Gala Raises Funds to Keep Troops Connected

By Donna Miles
American Forces Press Service

WASHINGTON, May 11, 2007 - Troops serving at remote sites overseas can look forward to better connection with their loved ones at home, thanks to the success of a fundraising gala here last night by the SemperComm Foundation.

The event, which included a dinner, concert by country music star Chely Wright and silent and live auctions, raised thousands of dollars for the nonprofit group that supplies morale-boosting communications and entertainment equipment, software and services.

The foundation's focus is on small, remote U.S. military bases overseas that lack the morale, welfare and recreational support larger, front-line bases enjoy, noted Executive Director Lara Coffee.

SemperComm adopts military cases in far-flung and highly sensitive regions of the world, thousands of miles from the comforts of home. Often troops serving in these outposts have no way to connect with their families.

Currently the group serves six bases, but Coffee said its goal is to ensure that all of the nearly 700 remote sites get access to communications services so they can stay connected with those they leave behind when they deploy.

Providing those services is an expensive endeavor. Serving SemperComm's newest adopted post, in Afghanistan, will require about $150,000 to install a satellite dish and connection services, and $30,000 a month to keep the service running, Coffee said.

Last night's gala helped the group work toward its goal. About 800 attendees contributed to the effort through ticket sales and silent and live auctions and private donations.

Linda LaRoche, co-chair of the event, thanked attendees for supporting the troops safeguarding their freedoms. She praised their selfless service, dedication, teamwork and humor, even when operating in the face of adversity. "They are beacons to us all," she said.

Navy Petty Officer 1st Class Virginia Mayo, a guest at the event, remembers how valuable services like those provided by SemperComm are to deployed troops. "It's such a morale boost to be able to communicate regularly with our families," she said. "It makes our deployments over there, especially now with extended deployments, so much easier for us."

Army Staff Sgt. Matt Olson, another guest, also recognized the importance of being able to check in with family members during a deployment. "It's a lifeline back to home. It keeps you sane," he said.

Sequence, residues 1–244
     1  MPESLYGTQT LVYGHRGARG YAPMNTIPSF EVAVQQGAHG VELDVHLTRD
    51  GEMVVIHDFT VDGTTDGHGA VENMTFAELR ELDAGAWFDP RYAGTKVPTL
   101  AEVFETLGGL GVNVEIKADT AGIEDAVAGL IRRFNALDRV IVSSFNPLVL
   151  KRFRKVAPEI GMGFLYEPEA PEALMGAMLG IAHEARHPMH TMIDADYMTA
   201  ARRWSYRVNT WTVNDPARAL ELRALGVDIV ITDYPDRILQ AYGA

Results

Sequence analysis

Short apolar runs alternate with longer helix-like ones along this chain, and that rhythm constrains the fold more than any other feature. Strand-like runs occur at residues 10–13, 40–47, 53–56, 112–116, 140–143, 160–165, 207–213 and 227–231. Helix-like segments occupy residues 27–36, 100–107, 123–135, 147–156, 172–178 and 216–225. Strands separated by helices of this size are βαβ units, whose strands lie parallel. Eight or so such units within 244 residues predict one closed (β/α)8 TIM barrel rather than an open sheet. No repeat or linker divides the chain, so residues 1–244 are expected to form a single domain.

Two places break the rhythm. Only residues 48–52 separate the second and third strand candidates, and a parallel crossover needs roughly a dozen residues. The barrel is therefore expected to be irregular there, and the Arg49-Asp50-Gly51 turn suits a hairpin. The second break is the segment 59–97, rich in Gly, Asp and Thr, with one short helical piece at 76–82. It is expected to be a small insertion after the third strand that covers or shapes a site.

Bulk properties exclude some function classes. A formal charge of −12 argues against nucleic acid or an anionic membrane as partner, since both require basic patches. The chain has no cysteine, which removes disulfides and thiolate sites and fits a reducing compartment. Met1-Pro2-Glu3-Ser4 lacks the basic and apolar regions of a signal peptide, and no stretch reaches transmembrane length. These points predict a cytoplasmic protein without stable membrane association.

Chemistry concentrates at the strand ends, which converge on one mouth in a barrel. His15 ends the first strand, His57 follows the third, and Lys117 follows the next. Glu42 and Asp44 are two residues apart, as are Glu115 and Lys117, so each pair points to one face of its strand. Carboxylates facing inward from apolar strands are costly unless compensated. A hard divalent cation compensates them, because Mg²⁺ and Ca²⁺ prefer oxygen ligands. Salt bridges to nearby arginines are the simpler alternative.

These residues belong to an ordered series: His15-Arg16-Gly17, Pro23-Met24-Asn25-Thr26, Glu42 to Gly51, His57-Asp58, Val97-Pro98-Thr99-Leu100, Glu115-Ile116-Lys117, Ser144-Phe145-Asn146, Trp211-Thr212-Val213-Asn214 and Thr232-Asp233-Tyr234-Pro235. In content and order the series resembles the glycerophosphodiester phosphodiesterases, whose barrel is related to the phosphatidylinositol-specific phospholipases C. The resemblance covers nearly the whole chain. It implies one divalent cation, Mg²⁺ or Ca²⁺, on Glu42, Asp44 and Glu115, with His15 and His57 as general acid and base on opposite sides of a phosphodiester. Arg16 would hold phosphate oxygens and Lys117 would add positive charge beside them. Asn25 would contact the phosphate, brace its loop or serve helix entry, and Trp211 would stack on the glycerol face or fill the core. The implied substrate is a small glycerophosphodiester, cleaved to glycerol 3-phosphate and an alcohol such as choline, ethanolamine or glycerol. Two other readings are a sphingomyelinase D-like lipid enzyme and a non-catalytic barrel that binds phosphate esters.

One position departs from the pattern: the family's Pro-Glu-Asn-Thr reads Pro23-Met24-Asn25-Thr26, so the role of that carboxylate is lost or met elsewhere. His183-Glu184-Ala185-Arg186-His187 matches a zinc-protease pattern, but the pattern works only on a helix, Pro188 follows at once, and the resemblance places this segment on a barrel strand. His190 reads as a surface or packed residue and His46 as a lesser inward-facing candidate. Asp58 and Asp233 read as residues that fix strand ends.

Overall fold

"Being able to talk to your family on the phone is such a plus," Olson continued. "It definitely makes a difference and makes you remember what you're there for."

Wright, who travels to many of the remote sites SemperComm serves, entertaining troops with the Stars for Stripes organization, said she's seen firsthand how vital a link back home is to deployed troops.

She recalled talking with a career soldier who years ago relied on "snail mail" to keep in touch with his wife when he was deployed. Letters frequently took two to three weeks to reach home, sometimes arriving out of sequence, so the soldier and his wife learned to number the envelopes, Wright said.

"Now, it's so much easier when they can simply log on and check in at home," she said. "It takes a lot of the worry away. ... It's one of those little extra incentives that help them grab the day."

Navy Secretary Donald C. Winter praised SemperComm's work and the services it's providing to deployed forces who might otherwise have to go without them.

"Communication is critical. It's one of the things that has a huge impact on morale," he said. "I can see the difference everywhere I travel, when I see (deployed troops displaying) e-mails and photos downloaded from computers. It's clear how important that is to them."

Brig. Gen. Michael Brogan, commander of Marine Corps Systems Command, remembers the days when deployed troops didn't have access to the kind of services SemperComm provides.

"This kind of connectivity just wasn't available when I was making deployments," he said. "The communication our servicemembers have today makes a world of difference. They're able to keep abreast of what's going on back at home and to get e-mails and images from their families. It's a way for them to see some of what they would otherwise miss while they're away from home."

SemperComm is a partner in the Defense Department's America Supports You program. The program showcases the myriad efforts private citizens, schools, churches, corporations and other groups are doing nationwide to show support for the men and women in uniform.

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